Callanish, East on the Isles of Lewis forms part of an impressive complex
Distribution of long single rows composed of less than 10 large sized stones.
Type S8 stone rows have the most comprehensive distribution. They are found in most regions and there is no obvious clustering found with other types of stone row. The widespread adoption of this form of row means that it is different to other types which have a more localised clustered distribution. Some of these rows may have originally included more than 9 stones but most probably only ever included a relatively small number. The small number of stones inevitably means that the distance between individual stones is generally greater than in most types of stone row. This is particularly the case with the longer examples.
Simplified plans of long single rows composed of less than 10 large sized stones. Click on image for higher resolution version.
The Individual Rows
Auldearn in Scotland
Ballinaby on the Isle of Mull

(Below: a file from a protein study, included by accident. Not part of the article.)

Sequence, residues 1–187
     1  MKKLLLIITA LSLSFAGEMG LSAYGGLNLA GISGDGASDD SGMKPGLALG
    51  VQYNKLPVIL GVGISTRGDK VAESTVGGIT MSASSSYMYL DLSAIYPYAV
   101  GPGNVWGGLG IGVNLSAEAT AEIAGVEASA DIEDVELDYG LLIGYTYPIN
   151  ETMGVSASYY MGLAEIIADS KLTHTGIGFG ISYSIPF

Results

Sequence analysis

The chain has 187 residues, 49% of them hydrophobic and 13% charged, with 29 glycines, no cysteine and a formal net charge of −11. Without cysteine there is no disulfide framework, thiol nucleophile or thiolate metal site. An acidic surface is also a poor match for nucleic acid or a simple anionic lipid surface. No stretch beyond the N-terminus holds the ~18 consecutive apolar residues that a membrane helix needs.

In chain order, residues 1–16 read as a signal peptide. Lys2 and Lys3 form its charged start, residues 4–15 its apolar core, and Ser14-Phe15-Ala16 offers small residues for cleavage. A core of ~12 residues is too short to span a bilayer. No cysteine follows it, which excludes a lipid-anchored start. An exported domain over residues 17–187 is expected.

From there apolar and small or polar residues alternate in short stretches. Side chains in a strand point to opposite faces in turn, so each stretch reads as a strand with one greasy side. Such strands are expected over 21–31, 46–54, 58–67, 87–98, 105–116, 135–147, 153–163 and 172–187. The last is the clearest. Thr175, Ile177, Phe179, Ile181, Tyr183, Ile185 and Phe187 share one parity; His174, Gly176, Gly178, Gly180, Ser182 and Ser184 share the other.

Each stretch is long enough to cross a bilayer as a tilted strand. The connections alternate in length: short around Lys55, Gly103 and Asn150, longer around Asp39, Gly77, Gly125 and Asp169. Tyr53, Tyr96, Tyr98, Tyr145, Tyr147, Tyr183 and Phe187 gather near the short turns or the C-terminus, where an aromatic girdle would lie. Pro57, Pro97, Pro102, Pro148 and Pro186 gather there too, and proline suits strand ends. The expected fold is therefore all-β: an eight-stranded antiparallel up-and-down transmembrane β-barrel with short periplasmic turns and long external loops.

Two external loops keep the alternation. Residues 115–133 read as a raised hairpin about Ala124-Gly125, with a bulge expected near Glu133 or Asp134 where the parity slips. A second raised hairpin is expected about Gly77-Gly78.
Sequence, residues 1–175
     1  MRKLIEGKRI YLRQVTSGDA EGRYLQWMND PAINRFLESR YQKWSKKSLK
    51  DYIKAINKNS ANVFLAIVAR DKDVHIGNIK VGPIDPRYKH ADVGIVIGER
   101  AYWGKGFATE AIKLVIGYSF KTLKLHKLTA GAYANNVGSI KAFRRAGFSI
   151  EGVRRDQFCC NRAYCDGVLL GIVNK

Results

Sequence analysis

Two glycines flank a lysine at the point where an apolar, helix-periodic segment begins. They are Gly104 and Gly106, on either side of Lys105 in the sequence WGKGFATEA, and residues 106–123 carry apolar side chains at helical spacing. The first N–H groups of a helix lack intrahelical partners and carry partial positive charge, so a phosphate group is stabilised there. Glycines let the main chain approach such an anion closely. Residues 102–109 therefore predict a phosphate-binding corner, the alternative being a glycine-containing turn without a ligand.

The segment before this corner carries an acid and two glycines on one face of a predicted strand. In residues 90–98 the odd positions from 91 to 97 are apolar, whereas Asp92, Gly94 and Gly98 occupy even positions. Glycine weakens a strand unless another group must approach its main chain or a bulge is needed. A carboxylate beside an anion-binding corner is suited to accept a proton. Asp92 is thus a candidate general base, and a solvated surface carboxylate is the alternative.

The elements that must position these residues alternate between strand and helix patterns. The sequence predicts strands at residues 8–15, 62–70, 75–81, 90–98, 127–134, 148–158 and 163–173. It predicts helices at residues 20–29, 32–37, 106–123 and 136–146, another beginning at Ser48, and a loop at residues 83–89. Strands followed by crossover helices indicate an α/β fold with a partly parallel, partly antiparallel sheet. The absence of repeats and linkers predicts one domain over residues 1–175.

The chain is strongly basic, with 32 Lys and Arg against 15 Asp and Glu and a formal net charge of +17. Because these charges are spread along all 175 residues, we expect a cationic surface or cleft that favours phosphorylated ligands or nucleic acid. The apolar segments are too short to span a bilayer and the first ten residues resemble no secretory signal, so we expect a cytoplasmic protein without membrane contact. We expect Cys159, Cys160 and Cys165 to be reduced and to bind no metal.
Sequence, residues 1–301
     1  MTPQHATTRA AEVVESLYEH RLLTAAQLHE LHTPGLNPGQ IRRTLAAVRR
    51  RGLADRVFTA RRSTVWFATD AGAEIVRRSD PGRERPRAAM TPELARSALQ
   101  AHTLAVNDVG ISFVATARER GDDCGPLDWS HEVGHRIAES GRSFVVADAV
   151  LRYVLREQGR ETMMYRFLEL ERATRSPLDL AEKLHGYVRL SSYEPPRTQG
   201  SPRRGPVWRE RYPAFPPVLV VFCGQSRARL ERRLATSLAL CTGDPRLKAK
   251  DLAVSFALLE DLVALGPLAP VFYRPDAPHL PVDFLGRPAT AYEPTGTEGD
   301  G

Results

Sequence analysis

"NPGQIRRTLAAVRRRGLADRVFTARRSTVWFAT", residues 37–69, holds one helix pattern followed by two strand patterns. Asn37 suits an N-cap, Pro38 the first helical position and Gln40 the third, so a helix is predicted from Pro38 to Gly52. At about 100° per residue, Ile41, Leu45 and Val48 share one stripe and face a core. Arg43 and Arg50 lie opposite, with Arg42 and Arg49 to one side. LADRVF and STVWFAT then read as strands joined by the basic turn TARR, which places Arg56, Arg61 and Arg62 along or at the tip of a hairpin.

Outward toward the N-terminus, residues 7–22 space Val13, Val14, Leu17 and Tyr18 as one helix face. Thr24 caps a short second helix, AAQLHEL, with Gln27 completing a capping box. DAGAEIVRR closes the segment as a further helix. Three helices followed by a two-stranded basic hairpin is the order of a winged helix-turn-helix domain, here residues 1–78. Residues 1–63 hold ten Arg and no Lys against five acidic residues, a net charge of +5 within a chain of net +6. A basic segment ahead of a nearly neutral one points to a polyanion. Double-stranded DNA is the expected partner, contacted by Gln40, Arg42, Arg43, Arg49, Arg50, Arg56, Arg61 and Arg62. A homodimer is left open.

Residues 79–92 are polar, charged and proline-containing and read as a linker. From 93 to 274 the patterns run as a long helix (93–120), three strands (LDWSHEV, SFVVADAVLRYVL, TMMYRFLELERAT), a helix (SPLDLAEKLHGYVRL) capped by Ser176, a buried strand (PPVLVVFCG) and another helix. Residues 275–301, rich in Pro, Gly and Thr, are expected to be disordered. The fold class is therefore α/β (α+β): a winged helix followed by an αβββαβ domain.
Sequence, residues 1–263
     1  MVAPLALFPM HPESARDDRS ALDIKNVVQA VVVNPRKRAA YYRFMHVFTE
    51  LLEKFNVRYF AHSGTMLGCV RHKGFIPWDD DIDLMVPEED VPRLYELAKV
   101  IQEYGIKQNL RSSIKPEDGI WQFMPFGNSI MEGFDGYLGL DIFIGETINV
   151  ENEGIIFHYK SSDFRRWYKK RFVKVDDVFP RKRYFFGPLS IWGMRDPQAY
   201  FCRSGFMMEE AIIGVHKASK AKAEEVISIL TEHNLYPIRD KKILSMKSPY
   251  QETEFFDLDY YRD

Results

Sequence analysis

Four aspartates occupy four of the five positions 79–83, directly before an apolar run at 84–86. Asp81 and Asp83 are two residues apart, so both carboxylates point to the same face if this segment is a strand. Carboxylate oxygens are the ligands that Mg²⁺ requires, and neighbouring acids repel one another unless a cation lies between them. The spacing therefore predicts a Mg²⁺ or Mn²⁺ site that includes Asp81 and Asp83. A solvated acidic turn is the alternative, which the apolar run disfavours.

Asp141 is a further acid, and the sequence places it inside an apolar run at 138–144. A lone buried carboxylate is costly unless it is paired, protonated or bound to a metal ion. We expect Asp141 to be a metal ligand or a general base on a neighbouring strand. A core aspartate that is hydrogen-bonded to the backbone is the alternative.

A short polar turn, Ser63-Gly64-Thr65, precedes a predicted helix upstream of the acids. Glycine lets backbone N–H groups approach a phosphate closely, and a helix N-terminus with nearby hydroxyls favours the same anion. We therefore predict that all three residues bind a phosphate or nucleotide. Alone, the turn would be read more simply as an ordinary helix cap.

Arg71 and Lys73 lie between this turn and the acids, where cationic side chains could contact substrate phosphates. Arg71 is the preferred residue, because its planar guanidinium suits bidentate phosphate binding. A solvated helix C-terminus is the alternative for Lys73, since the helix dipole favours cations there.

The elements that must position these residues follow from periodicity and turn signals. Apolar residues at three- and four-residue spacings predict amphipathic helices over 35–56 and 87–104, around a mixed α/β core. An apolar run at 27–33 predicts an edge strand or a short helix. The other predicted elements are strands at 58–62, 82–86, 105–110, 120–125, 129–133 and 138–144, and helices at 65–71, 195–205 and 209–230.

Brainport Bay in Argyll
Butterdon, East on Dartmoor
Buwch a’r Llo in Mid Wales
Cae Garreg in Mid Wales no longer survives.
Callanish, East on the Isle of Lewis
Callanish, South on the Isle of Lewis
Careg Lwyd 1 on the Brecon Beacons
Cut Hill on Dartmoor
Devils Arrows in Yorkshire
Dunruchan Stones in Central Scotland
East Cult in Central Scotland
Fonllech in North Wales
Glen Shiel on the Isle of Arran
Loch Buie on the Isle of Mull
Longstone Farm in Cornwall no longer survives.
Parc y Meirw in Pembrokeshire
Sgealtrabhal – Skeal Traval on the Isle of North Uist
Sheriff Muir in Central Scotland
Simon Howe on the North Yorks Moors
First Published: 18th March 2019
Last Updated: 2nd August 2019